The October 2008 issue of the Journal of Strength and Conditioning has an impressive review article of the anatomy, function, assessment, and strengthening of the gluteus medius from a group of clinicians in New Zealand.  The authors do a good job reviewing some of the basic anatomy and function of the muscle and relating this information to research reports looking at dysfunction and treatment of the muscle for several lower extremity injuries.

I think this is a great topic of discussion as the role of the gluteus medius in normal function and rehabilitation has been receiving attention lately as attention is being paid to strengthening and training the body in the frontal plane of motion and out of the sagittal plane.

gluteus medius

The Role of the Gluteus Medius

When you really break down the function of the gluteus medius, you see that it is far more valuable as a pelvis and lower extremity dynamic stabilizer than it is a pure hip abductor.  This is apparent when looking at the mechanism of a Trendelenburg Gait.  The role of the gluteus medius during activities such as walking and running is to dynamically stabilize the pelvis in a neutral position during single leg stance.  As you can see in the photo below, weakness of the right gluteus medius will cause the left hip to drop when standing on the right limb.  Conversely, athletic patients are often masters of compensation and may be able to keep the pelvis in neutral while the lower leg will adduct and internally rotate.

weak gluteus medius

In addition, the role of the gluteus medius as an external rotator of the hip when the hip is in a position of flexion is also important to consider.  These factors together are likely why dysfunction of this muscle is commonly found in several pathologies, such as iliotibial band, patellofemoral injuries, ACL, and ankle injuries.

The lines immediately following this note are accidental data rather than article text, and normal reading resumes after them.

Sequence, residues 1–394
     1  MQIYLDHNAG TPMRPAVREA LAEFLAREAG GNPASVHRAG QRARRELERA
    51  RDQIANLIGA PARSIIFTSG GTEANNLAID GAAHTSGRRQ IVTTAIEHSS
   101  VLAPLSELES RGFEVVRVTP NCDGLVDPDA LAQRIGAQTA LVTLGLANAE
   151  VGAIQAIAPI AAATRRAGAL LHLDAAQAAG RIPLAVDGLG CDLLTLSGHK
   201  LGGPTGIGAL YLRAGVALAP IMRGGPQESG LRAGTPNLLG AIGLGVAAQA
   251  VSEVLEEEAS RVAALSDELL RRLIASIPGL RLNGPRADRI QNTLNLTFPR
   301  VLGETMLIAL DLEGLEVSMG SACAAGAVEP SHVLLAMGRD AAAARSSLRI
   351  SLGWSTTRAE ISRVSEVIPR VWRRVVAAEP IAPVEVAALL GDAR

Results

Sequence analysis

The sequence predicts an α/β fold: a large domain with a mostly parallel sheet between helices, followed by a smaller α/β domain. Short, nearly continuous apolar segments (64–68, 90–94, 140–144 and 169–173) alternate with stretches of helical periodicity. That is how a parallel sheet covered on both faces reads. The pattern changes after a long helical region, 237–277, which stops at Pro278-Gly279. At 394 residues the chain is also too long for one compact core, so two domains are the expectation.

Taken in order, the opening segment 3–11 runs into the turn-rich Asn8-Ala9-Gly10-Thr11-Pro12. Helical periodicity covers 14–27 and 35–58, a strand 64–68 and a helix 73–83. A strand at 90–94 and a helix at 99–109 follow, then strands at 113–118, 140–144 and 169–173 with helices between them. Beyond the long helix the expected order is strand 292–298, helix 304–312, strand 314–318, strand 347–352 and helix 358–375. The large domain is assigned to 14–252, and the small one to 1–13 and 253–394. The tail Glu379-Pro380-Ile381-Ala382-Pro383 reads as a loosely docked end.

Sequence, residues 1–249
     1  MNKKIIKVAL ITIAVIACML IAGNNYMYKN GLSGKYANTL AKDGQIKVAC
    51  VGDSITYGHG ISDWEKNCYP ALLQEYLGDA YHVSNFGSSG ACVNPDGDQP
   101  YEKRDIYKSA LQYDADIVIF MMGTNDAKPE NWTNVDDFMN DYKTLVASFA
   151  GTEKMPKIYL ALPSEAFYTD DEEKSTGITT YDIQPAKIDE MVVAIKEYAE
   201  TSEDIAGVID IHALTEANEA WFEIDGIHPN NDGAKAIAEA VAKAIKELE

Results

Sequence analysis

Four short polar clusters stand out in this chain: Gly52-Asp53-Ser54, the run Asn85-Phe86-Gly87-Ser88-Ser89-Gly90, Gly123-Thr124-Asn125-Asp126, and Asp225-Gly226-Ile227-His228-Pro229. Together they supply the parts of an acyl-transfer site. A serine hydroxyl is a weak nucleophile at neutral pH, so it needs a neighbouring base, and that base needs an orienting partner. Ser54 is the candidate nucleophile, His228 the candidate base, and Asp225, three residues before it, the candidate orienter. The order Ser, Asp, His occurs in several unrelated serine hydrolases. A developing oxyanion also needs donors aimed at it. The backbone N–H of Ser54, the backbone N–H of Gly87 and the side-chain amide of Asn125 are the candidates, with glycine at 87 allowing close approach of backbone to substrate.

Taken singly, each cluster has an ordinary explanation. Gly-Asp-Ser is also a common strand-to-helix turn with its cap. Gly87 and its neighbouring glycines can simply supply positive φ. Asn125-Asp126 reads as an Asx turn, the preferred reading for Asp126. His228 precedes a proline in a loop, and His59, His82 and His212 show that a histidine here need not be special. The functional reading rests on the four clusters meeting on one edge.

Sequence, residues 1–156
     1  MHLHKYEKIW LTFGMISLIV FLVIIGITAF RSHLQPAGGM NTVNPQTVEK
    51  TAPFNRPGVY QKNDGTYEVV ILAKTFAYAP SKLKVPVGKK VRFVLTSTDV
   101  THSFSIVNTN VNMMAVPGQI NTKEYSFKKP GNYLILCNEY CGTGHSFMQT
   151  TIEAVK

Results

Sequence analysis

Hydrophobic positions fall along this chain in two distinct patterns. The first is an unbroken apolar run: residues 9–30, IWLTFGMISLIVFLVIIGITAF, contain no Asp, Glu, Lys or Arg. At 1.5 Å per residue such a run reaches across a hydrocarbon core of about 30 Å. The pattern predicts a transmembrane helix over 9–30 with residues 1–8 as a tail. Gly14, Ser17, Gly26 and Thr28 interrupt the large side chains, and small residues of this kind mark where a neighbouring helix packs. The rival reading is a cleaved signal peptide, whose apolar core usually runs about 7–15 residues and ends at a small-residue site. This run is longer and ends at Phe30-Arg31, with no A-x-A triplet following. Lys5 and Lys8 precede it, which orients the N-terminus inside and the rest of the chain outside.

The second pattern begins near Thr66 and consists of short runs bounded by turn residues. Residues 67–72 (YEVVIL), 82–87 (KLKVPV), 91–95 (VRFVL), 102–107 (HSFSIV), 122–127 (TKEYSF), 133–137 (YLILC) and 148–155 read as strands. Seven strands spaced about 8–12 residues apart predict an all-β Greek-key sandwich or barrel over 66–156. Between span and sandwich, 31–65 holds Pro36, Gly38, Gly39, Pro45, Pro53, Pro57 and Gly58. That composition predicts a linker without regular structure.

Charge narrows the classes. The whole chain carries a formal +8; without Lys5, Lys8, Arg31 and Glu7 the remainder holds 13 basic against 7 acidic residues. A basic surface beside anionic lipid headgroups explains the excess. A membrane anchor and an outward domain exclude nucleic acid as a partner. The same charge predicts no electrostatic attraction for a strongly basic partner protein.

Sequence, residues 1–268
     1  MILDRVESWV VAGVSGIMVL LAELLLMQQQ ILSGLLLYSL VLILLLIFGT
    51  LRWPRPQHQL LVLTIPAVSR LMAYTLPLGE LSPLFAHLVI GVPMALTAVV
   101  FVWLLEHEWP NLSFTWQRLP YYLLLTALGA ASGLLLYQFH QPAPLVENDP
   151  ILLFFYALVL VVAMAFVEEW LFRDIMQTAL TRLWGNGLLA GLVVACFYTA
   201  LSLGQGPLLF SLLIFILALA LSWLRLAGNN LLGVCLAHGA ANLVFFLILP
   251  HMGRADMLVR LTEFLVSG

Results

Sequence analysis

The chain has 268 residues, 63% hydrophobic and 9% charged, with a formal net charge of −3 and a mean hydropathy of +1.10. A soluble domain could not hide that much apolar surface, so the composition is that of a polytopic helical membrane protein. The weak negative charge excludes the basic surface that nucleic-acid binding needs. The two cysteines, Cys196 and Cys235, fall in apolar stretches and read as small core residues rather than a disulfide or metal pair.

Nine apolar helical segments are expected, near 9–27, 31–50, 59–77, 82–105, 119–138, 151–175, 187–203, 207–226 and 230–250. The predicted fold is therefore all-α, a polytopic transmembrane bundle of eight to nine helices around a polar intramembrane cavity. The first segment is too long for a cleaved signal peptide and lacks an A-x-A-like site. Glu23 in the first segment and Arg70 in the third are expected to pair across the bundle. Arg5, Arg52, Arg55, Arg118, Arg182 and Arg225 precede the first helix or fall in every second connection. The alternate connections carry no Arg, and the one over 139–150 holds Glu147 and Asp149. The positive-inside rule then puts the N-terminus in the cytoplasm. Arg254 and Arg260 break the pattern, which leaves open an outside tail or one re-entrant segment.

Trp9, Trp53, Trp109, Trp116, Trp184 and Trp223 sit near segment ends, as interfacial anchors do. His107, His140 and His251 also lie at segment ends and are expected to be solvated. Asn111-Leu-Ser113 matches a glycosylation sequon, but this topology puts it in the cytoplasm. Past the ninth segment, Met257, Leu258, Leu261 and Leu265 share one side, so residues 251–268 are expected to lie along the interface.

Assessment of the Gluteus Medius

The authors describe several methods of evaluating the gluteus medius.  These include:

  • Standard manual muscle testing of hip abduction in sidelying.  Because the gluteus medius also has an effect on other hip motions, I often recommend a full testing of hip flexion, abduction, ER, IR, and extension as well.
  • Double- to single-leg stance test.  Simply a test such as the photo above.  The patient is instructed to stand on one limb and pelvis orientation is documented.
  • The authors also recommend adding an upper body movement to the single-leg stance test. This will further challenge the patient, specifically the athletic patient.  During this, the patient is instructed to balance on one limb while reaching the arms overhead and leaning away from the stance leg.  This will move the patient’s center of gravity further away from the stance limb and require a greater amount of gluteus medius stabilization to avoid the dropped pelvis position.
  • In addition to the above described, I would also recommend that patients should be observed during several functional activities, especially if a specific activity tends to exacerbate symptoms.  This could include eccentric step-downs, front lunges, or even running and jumping activities for athletes.  Watching the kinematics of the pelvis and lower body closely can be very beneficial.  Personally, I often try to video tape these movements as well.  For my athletes I have sophisticated camera systems but I also travel with a simple flip cam that I plug in to my laptop and quickly record and view back with my patients.  I actually do not like the actual Flip cams, the angle of the lens is terrible.  I actually use and really love the Creative Vadocheck it out on Amazon.  In addition to having a better wide angle lens, I can control the video quality.  It is inexpensive, small, portable, plugs into my computer for charging, and shots great video.  In just a few minutes I have a great quality video to watch with my patients.  I try to take it a step further a draw on my videos and photos as well.